By: Lisa Slagle
One of my friends is a teacher at a local therapeutic boarding school. She often shares hilarious stories about the crass, unruly, or shocking teenage one-liners she heard that day and how she did or did not choose to react. I’m pretty sure that if she didn’t have a terrific sense of humor, her job would be much more difficult to return to day after day. Instead, she just laughs about it.
I really admire my friend’s attitude, and I asked her how she maintains it. Her answer was great.
She quickly answered, “Teaching is like a boat. Really, my only job is to keep the boat steady. You just deal with what has to be dealt with when something starts to rock it. If it’s rocking one way, you deal with it. If it starts to rock the other way, you go to that part of the boat, and stop it from rocking over there. You don’t have time for emotions. You just take care of things knowing that the boat is not going to level itself out on its own.”
This is why my friend is a great teacher. She can take something complicated and make it easy to understand. Better yet, this whole boat metaphor translates perfectly to business.
Your business is your boat, and as the owner, your job is to keep it level.
Whether the internet goes down, your employee is in a terrible mood, or your client is not responding to your emails, you deal with it one scenario at a time to try to maintain a steady course.
(The real trick of it is to know what you’re steering toward, but that’s a whole other story.)
We had a few days last week where our Wheelie boat was dance partying on open water.
At one point, all I wanted to do was take a long lunch and go ride my bike until I felt less crazy, but instead, I took a deep breath and remembered what my friend said about keeping the boat steady.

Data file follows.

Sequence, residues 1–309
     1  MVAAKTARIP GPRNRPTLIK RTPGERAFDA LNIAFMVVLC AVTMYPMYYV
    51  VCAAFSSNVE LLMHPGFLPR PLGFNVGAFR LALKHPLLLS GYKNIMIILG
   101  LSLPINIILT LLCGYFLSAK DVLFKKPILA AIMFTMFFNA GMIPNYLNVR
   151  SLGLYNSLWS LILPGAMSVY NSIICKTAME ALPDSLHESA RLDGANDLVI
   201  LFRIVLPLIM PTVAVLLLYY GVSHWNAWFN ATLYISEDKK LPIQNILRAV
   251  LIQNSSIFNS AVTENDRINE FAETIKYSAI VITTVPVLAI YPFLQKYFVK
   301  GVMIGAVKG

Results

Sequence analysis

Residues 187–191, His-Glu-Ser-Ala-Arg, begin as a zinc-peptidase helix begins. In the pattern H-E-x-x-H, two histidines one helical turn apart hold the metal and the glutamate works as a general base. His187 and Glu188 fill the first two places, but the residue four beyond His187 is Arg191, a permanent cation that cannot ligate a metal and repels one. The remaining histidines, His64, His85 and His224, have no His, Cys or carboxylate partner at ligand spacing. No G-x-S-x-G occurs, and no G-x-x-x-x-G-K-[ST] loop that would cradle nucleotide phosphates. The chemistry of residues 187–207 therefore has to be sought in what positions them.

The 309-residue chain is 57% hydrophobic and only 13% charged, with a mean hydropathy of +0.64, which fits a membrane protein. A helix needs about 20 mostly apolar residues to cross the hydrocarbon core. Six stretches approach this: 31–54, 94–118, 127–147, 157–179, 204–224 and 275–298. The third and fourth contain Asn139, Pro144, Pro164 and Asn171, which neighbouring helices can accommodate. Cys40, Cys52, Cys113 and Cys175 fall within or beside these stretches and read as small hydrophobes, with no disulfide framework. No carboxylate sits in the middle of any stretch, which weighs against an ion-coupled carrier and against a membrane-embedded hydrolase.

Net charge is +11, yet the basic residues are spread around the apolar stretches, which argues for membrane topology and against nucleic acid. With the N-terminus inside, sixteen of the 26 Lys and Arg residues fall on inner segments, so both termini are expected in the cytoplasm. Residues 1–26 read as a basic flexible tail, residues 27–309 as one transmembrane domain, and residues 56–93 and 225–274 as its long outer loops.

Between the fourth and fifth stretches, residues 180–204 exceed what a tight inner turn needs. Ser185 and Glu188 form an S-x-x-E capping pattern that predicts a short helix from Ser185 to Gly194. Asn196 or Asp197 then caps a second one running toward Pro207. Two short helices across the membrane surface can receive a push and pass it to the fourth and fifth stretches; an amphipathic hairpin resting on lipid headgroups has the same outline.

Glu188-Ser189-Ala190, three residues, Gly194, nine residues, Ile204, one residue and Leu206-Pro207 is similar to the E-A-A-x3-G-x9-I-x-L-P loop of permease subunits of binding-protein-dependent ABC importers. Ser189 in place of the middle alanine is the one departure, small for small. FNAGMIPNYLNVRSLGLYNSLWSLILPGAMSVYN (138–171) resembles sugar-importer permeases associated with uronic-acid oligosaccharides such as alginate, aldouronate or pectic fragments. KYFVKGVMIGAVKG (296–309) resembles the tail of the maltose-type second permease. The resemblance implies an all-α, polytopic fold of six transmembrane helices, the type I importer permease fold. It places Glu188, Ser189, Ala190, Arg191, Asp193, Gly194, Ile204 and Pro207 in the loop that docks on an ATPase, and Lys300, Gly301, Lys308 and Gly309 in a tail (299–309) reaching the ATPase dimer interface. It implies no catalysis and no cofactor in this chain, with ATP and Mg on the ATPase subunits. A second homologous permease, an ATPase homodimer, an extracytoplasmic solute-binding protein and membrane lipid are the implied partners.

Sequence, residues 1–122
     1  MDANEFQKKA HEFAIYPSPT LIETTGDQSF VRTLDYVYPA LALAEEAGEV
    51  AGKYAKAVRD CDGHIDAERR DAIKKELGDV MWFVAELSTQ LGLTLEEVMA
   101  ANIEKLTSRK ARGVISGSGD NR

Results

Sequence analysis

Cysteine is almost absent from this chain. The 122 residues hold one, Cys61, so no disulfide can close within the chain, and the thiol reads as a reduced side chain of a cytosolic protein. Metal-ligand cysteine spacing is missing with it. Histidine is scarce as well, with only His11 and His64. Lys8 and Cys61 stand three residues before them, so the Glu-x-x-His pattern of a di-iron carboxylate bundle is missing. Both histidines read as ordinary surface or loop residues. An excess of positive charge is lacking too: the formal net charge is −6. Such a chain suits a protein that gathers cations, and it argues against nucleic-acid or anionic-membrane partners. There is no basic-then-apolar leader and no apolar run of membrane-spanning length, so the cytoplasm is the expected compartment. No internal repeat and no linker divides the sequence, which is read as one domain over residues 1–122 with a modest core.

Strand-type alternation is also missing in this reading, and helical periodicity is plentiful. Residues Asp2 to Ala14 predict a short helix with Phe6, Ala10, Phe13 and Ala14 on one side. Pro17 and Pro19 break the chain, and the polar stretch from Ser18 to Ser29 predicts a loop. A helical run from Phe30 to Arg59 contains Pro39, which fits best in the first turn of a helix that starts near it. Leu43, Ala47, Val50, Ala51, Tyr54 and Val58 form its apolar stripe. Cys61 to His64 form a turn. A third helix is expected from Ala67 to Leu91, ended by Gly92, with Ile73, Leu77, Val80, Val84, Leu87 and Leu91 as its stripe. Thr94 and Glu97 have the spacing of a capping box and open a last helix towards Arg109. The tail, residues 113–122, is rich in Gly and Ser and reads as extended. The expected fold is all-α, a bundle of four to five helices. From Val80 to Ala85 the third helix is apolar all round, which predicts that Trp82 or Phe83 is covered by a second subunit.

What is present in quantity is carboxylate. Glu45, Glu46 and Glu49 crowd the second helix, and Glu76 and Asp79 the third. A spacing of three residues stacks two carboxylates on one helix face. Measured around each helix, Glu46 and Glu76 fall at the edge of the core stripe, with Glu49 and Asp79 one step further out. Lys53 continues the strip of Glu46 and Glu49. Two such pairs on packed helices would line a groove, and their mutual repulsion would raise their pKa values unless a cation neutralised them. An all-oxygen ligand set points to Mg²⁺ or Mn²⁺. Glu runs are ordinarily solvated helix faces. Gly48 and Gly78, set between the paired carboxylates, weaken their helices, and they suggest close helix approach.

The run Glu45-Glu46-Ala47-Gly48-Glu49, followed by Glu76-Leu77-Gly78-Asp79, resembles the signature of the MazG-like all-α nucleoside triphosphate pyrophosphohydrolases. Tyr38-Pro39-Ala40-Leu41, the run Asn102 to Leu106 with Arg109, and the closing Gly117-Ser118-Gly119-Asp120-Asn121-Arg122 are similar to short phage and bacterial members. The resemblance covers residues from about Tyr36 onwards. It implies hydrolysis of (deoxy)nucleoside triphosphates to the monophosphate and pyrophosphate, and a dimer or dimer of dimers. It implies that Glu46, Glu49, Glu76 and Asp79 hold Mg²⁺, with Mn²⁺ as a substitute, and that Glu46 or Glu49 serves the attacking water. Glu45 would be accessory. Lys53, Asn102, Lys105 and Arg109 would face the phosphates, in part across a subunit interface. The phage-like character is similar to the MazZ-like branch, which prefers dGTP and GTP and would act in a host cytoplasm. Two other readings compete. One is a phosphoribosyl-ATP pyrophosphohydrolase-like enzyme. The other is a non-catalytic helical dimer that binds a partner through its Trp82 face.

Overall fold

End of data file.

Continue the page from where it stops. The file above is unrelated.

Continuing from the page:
The next day, I got to work at 6:30 in the morning, determined to kennel train my puppy before anyone else made it to the office. I threw a toy in his kennel and he chased it in there, so I closed the door and sat on the floor next to him with my laptop and noise-canceling headphones. He yelped a little bit, but I ignored him and started answering the extensive stack of unread emails. My puppy stopped barking, and stared at me sleepily.
I looked around the office. Dan and Amanda’s new desks look awesome, and they’re stoked about having more personal space. Totally worth the effort of getting them into our third story office. Next, I adapted to our clients’ change in directions, figuring out how to creative direct the changes and what my team and I needed to do to navigate the directional shift to still hit their deadlines.
Meanwhile, my puppy slept peacefully, so I crept away from the floor and up to my desk. By the time Dan and Amanda got to work at 8am, the boat was almost steady. Waters were calming down. I asked them for help with what was left, and we got everything taken care of by the end of the day. It certainly helps to have a great crew.
And our office puppy went in and out of his kennel all day with little to no barking.
I’m proud of all of us this week. Our little Wheelie boat is a nice place to be.
What’s happening with your business boat?
Where is it rocking?
How can you smooth its course?
That wasn't too painfully nerdy, right?
If you'd like to sit down and talk to us about sailing a boat, we won't have anything helpful to say. However, we would love to geek out with you about your business and its creative needs. Just hit the orange words below:
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